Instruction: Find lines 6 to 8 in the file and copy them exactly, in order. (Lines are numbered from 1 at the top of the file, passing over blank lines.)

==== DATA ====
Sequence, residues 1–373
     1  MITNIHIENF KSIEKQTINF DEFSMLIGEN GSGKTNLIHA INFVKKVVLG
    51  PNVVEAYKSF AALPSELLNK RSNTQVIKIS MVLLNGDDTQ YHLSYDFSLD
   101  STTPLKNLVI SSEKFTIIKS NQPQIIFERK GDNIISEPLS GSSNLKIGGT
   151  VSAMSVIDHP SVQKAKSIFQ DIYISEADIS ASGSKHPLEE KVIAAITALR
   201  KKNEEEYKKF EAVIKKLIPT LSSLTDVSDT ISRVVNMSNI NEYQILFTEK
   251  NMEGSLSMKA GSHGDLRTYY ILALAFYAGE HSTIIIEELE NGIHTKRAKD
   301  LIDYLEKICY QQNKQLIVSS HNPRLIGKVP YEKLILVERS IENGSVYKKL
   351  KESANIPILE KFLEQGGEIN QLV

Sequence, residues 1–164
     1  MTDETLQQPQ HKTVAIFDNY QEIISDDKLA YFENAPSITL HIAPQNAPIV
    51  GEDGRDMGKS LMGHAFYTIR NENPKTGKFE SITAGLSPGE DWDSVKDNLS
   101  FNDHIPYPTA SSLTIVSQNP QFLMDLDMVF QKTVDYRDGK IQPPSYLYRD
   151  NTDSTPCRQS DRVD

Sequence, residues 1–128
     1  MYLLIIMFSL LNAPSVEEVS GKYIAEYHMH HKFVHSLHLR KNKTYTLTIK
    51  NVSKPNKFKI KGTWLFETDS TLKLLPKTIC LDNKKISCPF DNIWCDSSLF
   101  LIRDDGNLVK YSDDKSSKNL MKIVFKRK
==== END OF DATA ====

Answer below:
   201  KKNEEEYKKF EAVIKKLIPT LSSLTDVSDT ISRVVNMSNI NEYQILFTEK
   251  NMEGSLSMKA GSHGDLRTYY ILALAFYAGE HSTIIIEELE NGIHTKRAKD
   301  LIDYLEKICY QQNKQLIVSS HNPRLIGKVP YEKLILVERS IENGSVYKKL